Wednesday, 16 August 2017

The Thorny Question of Text –Your Daughter Fanny & Carnival of the Animals

Tuesday, August 15th those of us in the Tuckamore Festival audience in St. John's were given the opportunity to hear composer Alice Ping Yee Ho in a Q&A session with Bekah Simms, which was followed by the world premier of Ho's Your Daughter Fanny and Christopher Hall's "updated" version of Saint Saens' Carnival of the Animals.  Aptly named, "The Great War, Words and Whimsy" the evening was an introduction to the composer's juggling act of the commissioning process.  Interviewer Bekah Simms systematically took us through the composer's inspiration and her key relationships with our province and the talents of Duo Concertante, soprano Caroline Schiller, who commissioned the operatic work, and the original letters of Great War nurse Fanny that are the basis for Lisa Moore's libretto.  Ho's accessible answers were further enriched by the participation of archivist Burt Riggs from the audience, who co-authored with Bill Rompkey a published collection of Fanny Cluett's wartime letters.  Jackpot!

The intimacy of Fanny's letters and the epic historical events that they span could have easily warranted a full-blown opera.  Instead, Ho's version is a 45-minute word drama that maximizes the strengths of Schiller as a soloist who alternately acts and sings, richly supported by Nancy Dahn on violin and Timothy Steeves on piano.  All three were in historically appropriate costume and there was a minimum of props against a backdrop of projected photographs and letters.  It is a lean production that would lend itself to touring.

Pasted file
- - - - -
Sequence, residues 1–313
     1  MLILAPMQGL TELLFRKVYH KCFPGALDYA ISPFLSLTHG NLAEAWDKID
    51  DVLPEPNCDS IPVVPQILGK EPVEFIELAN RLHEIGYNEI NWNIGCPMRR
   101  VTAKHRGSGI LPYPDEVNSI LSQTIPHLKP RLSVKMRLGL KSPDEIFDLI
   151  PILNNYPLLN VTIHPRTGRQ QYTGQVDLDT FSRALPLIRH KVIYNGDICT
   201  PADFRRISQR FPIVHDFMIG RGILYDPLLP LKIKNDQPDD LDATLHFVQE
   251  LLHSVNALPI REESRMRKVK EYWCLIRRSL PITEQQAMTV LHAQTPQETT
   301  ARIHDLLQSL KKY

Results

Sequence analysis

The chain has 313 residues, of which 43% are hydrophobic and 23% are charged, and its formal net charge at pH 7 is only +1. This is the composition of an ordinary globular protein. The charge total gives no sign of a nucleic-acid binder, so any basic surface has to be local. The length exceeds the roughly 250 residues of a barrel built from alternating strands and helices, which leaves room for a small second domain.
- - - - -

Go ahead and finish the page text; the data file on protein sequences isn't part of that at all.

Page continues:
Fortunately for me, I had a direct line of vision with the screen and found myself often following along with the lyrics that mirrored the flowing cursive text of the letters.  Ho's musical manipulations brought out the poetry of the text as well as its frankness.  A simple phrase like "blood and mud" took on a haunting quality in Schiller's soaring soprano.  Some audience members who did not have the advantage of a clear view of the screen commented that projected sub or super titles, as is the convention in some opera houses, would have been useful while others would have preferred to have the text in their programs.